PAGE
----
Exactly - you haven't used the Gateways before. Why? IMO, the Gateways (mostly Java and DotNet) were a bit cumbersome to deal with. With ELS, we have default servers that can be easily managed and discovered, they require little or no configuration to get started (some ELS's do require some configuration if the language platform support is not discoverable by IRIS), and the interface is simple and direct.

One quick example, using Python, is to use the os module to get the current working directory:

USER>set python = $system.external.getPythonGateway()

USER>write python.invoke("os","getcwd")

All that is required is a gateway connection to an external server, your code needs to be visible to that external server, either by direct placement into the default path for that language platform or by explicitly adding it by calling addToPath(), and public interfaces in your external code. By "external", I mean code that isn't written inside of the IRIS Server - ObjectScript.

When your external code writes to the "system output" device, that output is redirected to the IRIS current device. In my above example, the renderTable() function simply constructs a formatted string using the AsciiTable library (got it from GitHub) and writes it using System.out.println(formattedstring). I simply copied the output that was displayed in my IRIS session terminal window and pasted it in the original post. No extra work involved.

If your external code returns an object then you can indeed make use of that object as if it were a local IRIS Object - because it is. It is actually a network proxy object that communicates with the original external language object. That communication can actually be full duplex - your external code can talk to IRIS and IRIS can talk to your external code.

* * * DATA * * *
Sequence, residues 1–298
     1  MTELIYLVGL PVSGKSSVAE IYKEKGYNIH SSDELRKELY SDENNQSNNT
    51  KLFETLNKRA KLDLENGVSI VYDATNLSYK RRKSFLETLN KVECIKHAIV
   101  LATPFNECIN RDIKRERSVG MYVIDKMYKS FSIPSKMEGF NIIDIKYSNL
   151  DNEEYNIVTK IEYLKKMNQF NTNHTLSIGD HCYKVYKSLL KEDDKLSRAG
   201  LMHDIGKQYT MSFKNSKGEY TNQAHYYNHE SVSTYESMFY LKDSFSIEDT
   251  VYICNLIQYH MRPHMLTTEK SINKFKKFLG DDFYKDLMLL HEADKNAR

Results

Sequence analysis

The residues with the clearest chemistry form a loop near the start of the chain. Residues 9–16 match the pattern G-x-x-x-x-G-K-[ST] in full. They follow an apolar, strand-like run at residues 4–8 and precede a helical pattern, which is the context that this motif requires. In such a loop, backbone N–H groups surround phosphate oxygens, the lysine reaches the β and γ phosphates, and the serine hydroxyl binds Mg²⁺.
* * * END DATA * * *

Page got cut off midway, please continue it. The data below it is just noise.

One really simple example that I think is quite profound is using JDBC in IRIS. This isn't JDBC Gateway - that still exists and it is what it is. I am talking about using a Java JAR file that contains a JDBC driver and you want to use it. I'll try a simple demo here. I have MariaDB installed on my system so I'll just use it to query a table I have defined there.

First - using mariaDB from the command line interface:

 ~ % mysql -u myusername -p
Enter password:
Welcome to the MariaDB monitor.  Commands end with ; or \g.
Your MariaDB connection id is 4
Server version: 10.5.8-MariaDB Homebrew

Copyright (c) 2000, 2018, Oracle, MariaDB Corporation Ab and others.

Type 'help;' or '\h' for help. Type '\c' to clear the current input statement.

MariaDB [(none)]> show databases
    -> ;
| Database           |
| SAMPLES            |
| information_schema |
| mysql              |
| performance_schema |
| test               |
5 rows in set (0.010 sec)

MariaDB [(none)]> use SAMPLES
Reading table information for completion of table and column names
You can turn off this feature to get a quicker startup with -A

Database changed
MariaDB [SAMPLES]> show tables;
| Tables_in_SAMPLES |
| person            |
1 row in set (0.000 sec)

MariaDB [SAMPLES]> select * from person limit 5
    -> ;
| name                  | ssn         | dob        | home_street           | home_city  | home_state | home_zip |
| Basile,Molly M.       | 452-57-8033 | 1994-06-02 | 1153 First Street     | Xavier     | SD         | 98033    |
| Cooke,Howard F.       | 131-62-3894 | 2017-12-09 | 5172 Washington Place | Zanesville | NE         | 44980    |
| Donaldson,Phil R.     | 480-79-5019 | 1990-01-23 | 4429 Elm Street       | Miami      | WA         | 67638    |
| Eisenstien,Michael D. | 655-11-6334 | 1948-08-14 | 4676 Elm Avenue       | Reston     | KY         | 52729    |
| Faust,Mo E.           | 772-42-3921 | 2018-01-10 | 826 Maple Avenue      | Youngstown | OH         | 37180    |
5 rows in set (0.016 sec)


Next, I'll follow up with an example of doing this from within IRIS.